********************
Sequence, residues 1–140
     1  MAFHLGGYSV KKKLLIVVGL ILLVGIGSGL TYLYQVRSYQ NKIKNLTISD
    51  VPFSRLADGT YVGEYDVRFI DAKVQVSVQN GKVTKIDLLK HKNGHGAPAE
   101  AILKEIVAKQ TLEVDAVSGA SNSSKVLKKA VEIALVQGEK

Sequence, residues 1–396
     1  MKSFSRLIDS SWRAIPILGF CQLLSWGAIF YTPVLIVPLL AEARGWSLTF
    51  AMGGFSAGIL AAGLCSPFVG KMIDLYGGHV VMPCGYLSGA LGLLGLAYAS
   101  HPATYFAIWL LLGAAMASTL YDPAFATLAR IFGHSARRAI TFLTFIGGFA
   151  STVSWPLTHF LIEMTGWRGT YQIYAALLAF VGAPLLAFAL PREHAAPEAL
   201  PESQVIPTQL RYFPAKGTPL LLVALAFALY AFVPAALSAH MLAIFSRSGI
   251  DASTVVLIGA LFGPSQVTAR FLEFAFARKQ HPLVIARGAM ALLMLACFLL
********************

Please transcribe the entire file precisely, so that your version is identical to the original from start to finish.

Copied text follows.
Sequence, residues 1–140
     1  MAFHLGGYSV KKKLLIVVGL ILLVGIGSGL TYLYQVRSYQ NKIKNLTISD
    51  VPFSRLADGT YVGEYDVRFI DAKVQVSVQN GKVTKIDLLK HKNGHGAPAE
   101  AILKEIVAKQ TLEVDAVSGA SNSSKVLKKA VEIALVQGEK

Sequence, residues 1–396
     1  MKSFSRLIDS SWRAIPILGF CQLLSWGAIF YTPVLIVPLL AEARGWSLTF
    51  AMGGFSAGIL AAGLCSPFVG KMIDLYGGHV VMPCGYLSGA LGLLGLAYAS
   101  HPATYFAIWL LLGAAMASTL YDPAFATLAR IFGHSARRAI TFLTFIGGFA
   151  STVSWPLTHF LIEMTGWRGT YQIYAALLAF VGAPLLAFAL PREHAAPEAL
   201  PESQVIPTQL RYFPAKGTPL LLVALAFALY AFVPAALSAH MLAIFSRSGI
   251  DASTVVLIGA LFGPSQVTAR FLEFAFARKQ HPLVIARGAM ALLMLACFLL